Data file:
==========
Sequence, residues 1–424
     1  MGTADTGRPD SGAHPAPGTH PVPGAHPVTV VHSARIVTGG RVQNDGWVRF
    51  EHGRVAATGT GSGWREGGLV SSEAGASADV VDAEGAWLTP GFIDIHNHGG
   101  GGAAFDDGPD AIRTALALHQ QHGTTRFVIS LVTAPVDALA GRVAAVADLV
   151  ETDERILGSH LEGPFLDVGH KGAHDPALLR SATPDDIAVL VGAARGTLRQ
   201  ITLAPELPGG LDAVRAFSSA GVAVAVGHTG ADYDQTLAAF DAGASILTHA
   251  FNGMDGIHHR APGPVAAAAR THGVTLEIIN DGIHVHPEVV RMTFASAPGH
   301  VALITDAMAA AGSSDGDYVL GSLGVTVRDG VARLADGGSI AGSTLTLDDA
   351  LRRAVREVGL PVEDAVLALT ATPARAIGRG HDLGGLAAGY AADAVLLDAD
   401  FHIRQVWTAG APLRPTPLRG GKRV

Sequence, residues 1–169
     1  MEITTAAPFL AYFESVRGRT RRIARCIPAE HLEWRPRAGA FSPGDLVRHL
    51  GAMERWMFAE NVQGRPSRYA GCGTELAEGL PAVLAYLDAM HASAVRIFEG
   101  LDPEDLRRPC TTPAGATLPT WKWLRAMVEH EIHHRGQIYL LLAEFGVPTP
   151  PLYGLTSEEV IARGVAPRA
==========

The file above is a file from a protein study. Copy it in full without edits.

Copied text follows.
Sequence, residues 1–424
     1  MGTADTGRPD SGAHPAPGTH PVPGAHPVTV VHSARIVTGG RVQNDGWVRF
    51  EHGRVAATGT GSGWREGGLV SSEAGASADV VDAEGAWLTP GFIDIHNHGG
   101  GGAAFDDGPD AIRTALALHQ QHGTTRFVIS LVTAPVDALA GRVAAVADLV
   151  ETDERILGSH LEGPFLDVGH KGAHDPALLR SATPDDIAVL VGAARGTLRQ
   201  ITLAPELPGG LDAVRAFSSA GVAVAVGHTG ADYDQTLAAF DAGASILTHA
   251  FNGMDGIHHR APGPVAAAAR THGVTLEIIN DGIHVHPEVV RMTFASAPGH
   301  VALITDAMAA AGSSDGDYVL GSLGVTVRDG VARLADGGSI AGSTLTLDDA
   351  LRRAVREVGL PVEDAVLALT ATPARAIGRG HDLGGLAAGY AADAVLLDAD
   401  FHIRQVWTAG APLRPTPLRG GKRV

Sequence, residues 1–169
     1  MEITTAAPFL AYFESVRGRT RRIARCIPAE HLEWRPRAGA FSPGDLVRHL
    51  GAMERWMFAE NVQGRPSRYA GCGTELAEGL PAVLAYLDAM HASAVRIFEG
   101  LDPEDLRRPC TTPAGATLPT WKWLRAMVEH EIHHRGQIYL LLAEFGVPTP
   151  PLYGLTSEEV IARGVAPRA